Tuesday, March 27, 2012

Benzos for Recovering People?

Recently, a colleague asked my opinion on the use of anti-anxiety medications called benzodiazepines in people either struggling with or recovering from an addiction (to something else of course.) Benzodiazepines (benzos for short) include common medications such as alprazolam (Xanax,) lorazepam (Ativan) and clonazepam (Klonapin.) Here is my reply:

First, I personally think that the idea that no-one who is in recovery from an addiction should ever ever be prescribed another potential intoxicant is a remnant of the all or none thinking in 12 step groups and programs. It's not based in fact. Yes, there may be a relative increase in risk, but the risk of true addiction to benzos (as opposed to development of tolerance and physical dependence) in an anxious pt is near zero in most people so the absolute risk is pretty low in someone with alcohol or opioid addiction, for example. The same holds true for pain medication in alcohol dependent people. I try to balance risks and benefits as I do with any patient or treatment. The science tells us for most people that an addiction is specific to a drug, not to "addiction" or intoxication of any type. There is no such thing as an "addictive personality." The other thing I'm impressed with is how poor any current pharmacotherapy is for chronic anxiety. The best treatment is good CBT, but it's hard to find and many pts aren't good candidates (although they might be for skillful psychodynamic therapy.) So I don't know about you, but I often find myself and the pt between a rock and a hard place.

An example patient is someone who had childhood onset of moderate to severe anxiety, often starting with separation anxiety and school refusal. Some patients report the onset of panic attack before the age of 10. Most of these people are extremely anxious all of their lives. I see them because they have became alcohol dependent. I generally prescribe an antidepressant, an SSRI or SNRI, but these seem to have poor efficacy in these primary anxiety patients, as opposed to people with depression and anxiety together. In one recent patient I  stopped benzos and the patient got to the point where I thought she would relapse to drinking w/o relief so I prescribed lorazepam and she almost immediately got much better, more stable, and with markedly reduced desire to drink. To my knowledge she hasn't used benzos in an addictive fashion, although the other problems of tolerance and lack of long-term efficacy haven't gone away. I usually try everything else I can: beta blockers, anticonvulsants, antidepressants, rarely antipsychotics if nothing else works. I always prescribe relaxation training and breathing exercises, give patients info about mindfulness approaches and also always recommend a CBT workbook for anxiety. I may recommend seeing a therapist. But sometimes it's only benzos that seem to help.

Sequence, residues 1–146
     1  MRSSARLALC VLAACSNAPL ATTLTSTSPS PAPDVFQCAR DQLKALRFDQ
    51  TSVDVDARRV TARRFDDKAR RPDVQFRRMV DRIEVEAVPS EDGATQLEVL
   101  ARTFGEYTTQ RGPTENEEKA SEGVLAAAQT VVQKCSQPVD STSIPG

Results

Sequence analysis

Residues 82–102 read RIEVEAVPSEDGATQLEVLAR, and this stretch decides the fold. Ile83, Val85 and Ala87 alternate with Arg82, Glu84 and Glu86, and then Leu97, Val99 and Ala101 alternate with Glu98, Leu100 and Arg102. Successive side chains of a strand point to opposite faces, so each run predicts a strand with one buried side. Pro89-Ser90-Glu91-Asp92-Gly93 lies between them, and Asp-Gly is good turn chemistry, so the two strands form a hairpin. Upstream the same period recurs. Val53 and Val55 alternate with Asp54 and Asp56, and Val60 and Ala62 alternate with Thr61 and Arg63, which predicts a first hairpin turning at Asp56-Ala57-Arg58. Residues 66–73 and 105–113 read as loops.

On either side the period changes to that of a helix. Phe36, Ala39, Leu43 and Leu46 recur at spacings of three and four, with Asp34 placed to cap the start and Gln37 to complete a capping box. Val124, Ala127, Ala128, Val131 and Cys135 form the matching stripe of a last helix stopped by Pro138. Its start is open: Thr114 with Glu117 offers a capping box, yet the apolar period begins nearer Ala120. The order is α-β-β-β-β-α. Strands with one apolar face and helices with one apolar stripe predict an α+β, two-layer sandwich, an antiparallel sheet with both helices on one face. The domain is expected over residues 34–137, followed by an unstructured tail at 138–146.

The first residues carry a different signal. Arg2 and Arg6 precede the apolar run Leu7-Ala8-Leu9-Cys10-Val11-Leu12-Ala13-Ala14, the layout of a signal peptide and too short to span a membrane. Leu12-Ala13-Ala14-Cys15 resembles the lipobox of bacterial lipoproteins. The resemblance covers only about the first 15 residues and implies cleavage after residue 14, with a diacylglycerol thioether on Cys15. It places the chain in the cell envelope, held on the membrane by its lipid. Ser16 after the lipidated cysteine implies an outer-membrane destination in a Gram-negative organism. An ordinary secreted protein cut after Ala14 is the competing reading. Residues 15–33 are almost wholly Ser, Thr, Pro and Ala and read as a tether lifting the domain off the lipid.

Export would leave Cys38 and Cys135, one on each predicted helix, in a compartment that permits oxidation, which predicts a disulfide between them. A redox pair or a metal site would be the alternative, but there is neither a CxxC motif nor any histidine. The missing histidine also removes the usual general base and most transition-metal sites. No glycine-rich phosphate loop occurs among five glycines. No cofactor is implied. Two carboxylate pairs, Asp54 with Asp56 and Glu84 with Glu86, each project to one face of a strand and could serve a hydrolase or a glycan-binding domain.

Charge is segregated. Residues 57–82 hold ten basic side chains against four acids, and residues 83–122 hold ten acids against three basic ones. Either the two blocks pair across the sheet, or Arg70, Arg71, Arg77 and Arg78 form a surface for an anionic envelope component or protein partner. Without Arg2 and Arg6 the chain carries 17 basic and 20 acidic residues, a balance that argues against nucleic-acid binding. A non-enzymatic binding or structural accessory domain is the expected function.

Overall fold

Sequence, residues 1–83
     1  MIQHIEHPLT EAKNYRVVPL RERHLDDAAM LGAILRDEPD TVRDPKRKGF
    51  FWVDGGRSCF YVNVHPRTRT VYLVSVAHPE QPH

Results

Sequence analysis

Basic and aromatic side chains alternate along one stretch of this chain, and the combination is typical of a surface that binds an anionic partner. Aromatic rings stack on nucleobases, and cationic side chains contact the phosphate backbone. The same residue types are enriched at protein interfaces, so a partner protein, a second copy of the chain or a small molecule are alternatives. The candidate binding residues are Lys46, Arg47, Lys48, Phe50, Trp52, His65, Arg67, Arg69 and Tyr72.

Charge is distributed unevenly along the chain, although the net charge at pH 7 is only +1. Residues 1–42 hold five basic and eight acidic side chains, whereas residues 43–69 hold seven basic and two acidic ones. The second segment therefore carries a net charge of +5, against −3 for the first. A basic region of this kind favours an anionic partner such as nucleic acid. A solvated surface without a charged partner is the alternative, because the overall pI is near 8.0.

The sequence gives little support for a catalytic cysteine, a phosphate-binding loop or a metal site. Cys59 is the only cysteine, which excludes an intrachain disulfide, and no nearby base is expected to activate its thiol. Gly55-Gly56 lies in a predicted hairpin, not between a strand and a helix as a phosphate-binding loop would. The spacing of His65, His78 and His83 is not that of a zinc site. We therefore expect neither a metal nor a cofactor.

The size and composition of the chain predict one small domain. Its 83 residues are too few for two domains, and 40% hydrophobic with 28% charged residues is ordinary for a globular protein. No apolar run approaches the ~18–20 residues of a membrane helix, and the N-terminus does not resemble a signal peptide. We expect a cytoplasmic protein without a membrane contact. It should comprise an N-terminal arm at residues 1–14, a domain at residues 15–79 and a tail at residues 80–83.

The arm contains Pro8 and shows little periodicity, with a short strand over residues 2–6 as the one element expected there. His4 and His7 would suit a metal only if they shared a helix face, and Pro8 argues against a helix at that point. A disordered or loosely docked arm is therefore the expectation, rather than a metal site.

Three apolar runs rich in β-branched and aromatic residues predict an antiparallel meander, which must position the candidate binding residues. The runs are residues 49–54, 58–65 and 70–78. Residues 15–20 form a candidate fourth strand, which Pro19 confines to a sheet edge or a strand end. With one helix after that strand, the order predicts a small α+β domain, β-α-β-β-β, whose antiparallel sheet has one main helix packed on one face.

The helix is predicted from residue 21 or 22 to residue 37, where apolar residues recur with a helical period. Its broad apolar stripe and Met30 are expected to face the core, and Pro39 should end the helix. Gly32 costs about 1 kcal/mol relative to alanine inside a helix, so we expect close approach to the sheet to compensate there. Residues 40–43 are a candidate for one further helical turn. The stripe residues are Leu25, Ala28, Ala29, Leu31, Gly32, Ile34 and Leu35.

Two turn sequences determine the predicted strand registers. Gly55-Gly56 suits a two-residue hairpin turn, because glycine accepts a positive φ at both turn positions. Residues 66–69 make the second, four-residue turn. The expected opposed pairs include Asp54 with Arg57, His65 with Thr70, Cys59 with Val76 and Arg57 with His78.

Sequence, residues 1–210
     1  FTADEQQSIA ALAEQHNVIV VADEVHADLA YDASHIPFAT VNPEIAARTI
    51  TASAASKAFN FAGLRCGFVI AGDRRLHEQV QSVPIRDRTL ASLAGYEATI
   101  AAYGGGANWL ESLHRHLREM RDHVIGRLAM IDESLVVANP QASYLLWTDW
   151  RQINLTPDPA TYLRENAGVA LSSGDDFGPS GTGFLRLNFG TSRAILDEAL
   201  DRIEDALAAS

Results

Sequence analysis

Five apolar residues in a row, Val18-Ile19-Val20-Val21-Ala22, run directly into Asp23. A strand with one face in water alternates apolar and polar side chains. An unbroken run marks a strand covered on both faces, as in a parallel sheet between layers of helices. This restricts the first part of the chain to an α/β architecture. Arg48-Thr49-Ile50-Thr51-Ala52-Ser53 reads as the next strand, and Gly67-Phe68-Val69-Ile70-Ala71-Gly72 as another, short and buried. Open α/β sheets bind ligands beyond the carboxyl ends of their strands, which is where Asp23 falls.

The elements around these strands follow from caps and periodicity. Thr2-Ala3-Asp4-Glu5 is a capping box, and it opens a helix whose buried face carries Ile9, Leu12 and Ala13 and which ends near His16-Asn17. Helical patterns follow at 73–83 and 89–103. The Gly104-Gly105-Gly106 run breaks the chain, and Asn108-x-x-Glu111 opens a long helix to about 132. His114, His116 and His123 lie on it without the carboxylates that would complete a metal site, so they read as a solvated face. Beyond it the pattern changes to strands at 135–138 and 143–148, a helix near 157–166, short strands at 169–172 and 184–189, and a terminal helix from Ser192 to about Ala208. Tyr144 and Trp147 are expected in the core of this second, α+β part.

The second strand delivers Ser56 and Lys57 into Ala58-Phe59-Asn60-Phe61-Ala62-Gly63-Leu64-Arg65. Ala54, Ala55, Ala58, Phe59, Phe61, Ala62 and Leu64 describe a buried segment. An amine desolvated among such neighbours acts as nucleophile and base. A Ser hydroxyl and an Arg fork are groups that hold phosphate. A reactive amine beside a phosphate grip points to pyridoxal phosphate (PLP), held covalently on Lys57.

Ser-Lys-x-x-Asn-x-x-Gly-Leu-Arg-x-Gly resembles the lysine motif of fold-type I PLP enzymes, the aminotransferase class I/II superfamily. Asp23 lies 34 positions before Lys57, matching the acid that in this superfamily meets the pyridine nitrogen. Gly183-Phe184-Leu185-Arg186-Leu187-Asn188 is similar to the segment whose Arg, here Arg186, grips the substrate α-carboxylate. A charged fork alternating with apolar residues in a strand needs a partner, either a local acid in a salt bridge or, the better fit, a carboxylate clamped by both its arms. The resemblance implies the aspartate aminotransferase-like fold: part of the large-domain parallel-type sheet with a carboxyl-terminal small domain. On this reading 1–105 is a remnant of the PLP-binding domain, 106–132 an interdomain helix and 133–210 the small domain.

Some years ago a colleague of mine studied vets with severe chronic PTSD who were on benzos, expecting their outcomes to be worse than others. Theirs were better than others. Now that may simply be due to this group being more stable/adherent so therefore benzos were continued. But still, where is the evidence in the published lit that shows that long-term benzo use is often damaging? I worry that we prescribe truly toxic drugs like antipsychotics and depakote or lamotrigine to avoid benzos. And where is the evidence that many of these drugs actually help anxiety or are safe to treat it?

I think also there is a bias here: with very weak evidence of risk, we withhold benzos and with no evidence of efficacy or safety we prescribe toxic risky drugs instead. Make sense?